But Stump is enjoying his walks less these days.  He has arthritis in his lower back and hips, along with scar tissue from an ACL repair, and he can’t take pain-relief tablets because they give him a very upset tummy.  I’m trying some other options, but in the meantime, walks have gotten slower and slower, and Ted gets very annoyed because he is likes to trot along at a good pace — unless he needs to leave some pee-mail, which can lead to sudden, dramatic halts.  In any case, Ted and I haven’t been getting enough exercise in our designated walk time — what to do?

So a while ago, I saw a little old dog in stroller in New York City, and I was inspired to some online shopping.  This arrived in the mail a couple of weeks ago.

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It wasn’t too expensive, and I thought it was worth a try. After a little struggle assembling it, here is the first attempt at a walk with our new artifact.  Stump in stroller closeup copy

Success!  Stump sat in the stroller and, as we negotiated curb cuts and bumpy sidewalks, he got sleepy in the morning sun.

When did dog strollers become part of the expanding equipage of enlightened pet ownership, you ask?  The answer seem to be in the year 2003, when a company called Dutch Dog Design introduced the “Doggyride” line of products.  According to their website, the company began with dog trailers for bicyclists, which makes sense given the Dutch commitment to bicycle transportation.  They branched out to strollers when they realized the number of dog owners whose pets were too old or lame to go for walks.  Here is a brochure for the company’s dog travel products;  they now also make luxury orthopedic dog beds and other accessories.  The Doggyride™ stroller looks like the bike trailer that begat it;  there is a handle on the back and a single wheel in the front.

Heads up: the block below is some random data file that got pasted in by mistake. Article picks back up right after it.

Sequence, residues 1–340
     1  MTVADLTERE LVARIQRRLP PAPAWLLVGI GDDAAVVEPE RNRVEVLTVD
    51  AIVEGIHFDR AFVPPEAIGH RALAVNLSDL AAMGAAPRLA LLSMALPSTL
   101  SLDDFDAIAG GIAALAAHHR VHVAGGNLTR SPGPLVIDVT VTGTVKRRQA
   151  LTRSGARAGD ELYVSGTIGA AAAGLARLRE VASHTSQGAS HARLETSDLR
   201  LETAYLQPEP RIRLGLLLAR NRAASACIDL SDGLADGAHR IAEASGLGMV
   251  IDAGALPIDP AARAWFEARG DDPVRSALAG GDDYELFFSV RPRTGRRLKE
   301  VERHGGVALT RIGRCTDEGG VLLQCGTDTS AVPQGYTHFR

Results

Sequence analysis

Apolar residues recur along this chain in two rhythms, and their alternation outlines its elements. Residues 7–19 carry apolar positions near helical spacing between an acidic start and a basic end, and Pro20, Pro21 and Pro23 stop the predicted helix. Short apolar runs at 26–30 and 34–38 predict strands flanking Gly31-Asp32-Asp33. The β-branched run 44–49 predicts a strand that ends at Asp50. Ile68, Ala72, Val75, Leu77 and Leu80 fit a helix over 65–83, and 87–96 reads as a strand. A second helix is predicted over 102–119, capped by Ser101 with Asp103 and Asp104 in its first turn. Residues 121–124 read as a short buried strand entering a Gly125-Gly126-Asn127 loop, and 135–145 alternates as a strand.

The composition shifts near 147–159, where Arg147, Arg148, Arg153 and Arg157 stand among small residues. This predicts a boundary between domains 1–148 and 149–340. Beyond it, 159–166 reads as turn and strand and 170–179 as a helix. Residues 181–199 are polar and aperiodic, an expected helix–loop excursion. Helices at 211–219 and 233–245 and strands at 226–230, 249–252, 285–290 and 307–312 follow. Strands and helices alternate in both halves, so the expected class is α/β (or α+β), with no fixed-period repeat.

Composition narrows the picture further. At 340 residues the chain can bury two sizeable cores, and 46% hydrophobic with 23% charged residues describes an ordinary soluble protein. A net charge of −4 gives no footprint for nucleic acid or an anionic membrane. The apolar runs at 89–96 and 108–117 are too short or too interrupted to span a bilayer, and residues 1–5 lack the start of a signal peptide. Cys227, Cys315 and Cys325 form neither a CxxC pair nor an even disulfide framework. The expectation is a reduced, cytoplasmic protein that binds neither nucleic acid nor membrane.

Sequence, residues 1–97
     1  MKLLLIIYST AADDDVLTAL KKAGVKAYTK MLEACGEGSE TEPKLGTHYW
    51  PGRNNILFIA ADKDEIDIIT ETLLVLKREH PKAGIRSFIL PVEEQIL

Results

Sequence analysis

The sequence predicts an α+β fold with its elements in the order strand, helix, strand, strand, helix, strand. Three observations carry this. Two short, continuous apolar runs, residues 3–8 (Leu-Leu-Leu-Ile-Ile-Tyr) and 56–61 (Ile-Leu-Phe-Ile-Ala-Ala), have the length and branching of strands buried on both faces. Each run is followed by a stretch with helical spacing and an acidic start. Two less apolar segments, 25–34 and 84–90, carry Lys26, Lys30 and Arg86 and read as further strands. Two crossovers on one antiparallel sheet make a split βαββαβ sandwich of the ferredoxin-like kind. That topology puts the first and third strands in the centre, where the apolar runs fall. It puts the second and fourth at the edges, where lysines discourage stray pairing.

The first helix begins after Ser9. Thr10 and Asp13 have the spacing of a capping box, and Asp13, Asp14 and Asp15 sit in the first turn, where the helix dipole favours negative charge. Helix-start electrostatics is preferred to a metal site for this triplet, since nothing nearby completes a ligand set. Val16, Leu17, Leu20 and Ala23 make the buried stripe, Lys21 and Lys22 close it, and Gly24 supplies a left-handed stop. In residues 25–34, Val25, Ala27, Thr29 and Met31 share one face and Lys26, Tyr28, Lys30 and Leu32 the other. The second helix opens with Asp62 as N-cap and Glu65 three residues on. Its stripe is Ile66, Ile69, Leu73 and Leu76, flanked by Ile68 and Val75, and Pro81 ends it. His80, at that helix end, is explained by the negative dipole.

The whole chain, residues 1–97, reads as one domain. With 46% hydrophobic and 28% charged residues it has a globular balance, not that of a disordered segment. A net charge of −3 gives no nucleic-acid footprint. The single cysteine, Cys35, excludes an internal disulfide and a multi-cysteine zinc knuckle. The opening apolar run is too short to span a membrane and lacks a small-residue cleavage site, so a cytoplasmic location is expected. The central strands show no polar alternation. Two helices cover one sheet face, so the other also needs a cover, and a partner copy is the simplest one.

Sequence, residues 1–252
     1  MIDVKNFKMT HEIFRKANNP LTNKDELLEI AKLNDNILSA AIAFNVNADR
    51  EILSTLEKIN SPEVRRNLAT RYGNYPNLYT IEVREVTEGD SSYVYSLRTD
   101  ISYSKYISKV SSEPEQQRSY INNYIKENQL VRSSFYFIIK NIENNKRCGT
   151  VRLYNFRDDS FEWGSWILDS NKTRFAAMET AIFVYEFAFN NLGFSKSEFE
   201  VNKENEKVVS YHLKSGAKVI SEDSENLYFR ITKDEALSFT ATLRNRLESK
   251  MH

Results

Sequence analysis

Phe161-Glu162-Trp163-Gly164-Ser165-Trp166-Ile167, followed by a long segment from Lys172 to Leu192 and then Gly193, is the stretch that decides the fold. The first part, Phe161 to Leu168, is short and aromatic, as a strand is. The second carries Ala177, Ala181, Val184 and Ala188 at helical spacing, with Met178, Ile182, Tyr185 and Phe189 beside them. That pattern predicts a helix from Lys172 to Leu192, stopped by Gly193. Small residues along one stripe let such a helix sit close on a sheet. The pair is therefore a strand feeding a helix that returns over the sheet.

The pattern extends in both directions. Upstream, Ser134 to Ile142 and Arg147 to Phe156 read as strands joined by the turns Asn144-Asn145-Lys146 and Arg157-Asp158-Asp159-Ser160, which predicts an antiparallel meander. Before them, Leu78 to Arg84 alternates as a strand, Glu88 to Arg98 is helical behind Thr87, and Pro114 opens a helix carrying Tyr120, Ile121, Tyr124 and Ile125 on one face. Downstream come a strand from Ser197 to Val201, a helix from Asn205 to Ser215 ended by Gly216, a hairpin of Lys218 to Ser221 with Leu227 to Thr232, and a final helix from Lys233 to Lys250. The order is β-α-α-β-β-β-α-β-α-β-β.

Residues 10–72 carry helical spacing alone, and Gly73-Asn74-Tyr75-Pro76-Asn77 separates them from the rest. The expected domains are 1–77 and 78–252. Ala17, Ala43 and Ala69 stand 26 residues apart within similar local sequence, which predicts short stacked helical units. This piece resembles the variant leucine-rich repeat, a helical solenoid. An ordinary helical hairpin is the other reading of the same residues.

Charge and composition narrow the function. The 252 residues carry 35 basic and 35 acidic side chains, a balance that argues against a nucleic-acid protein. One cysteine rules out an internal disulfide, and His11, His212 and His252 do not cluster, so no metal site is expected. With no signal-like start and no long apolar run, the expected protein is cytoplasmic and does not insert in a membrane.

Stump’s stroller is a cheap model, and it looks like a baby carriage for a doll except that it has a screen attached to the rain hood that can be zipped to prevent escapes (or insects, I guess).  (It also has two cup holders.) I chose the blue plaid model because it did indeed remind me of my doll carriage, which was a favorite sleeping spot for Scotchie, a family cat, around 1960.  Bundled up in an old baby blanket, she would allow herself to be pushed along until the ride got too bumpy.

I venture that some small dog owners improvised with baby carriages before now, but purpose-built dog strollers are part of a new genre of prosthetic material culture for pets, including the wheeled carts designed for  cats and dogs unable to use their hind legs and a variety of braces and prosthetic limbs.  I’ll be looking into these more for a future post, so stay tuned.  And I would love to have a photo to share of your pet using one of these prostheses or mobility aids.

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The “Puppy Puddle” and the Canine Catering Company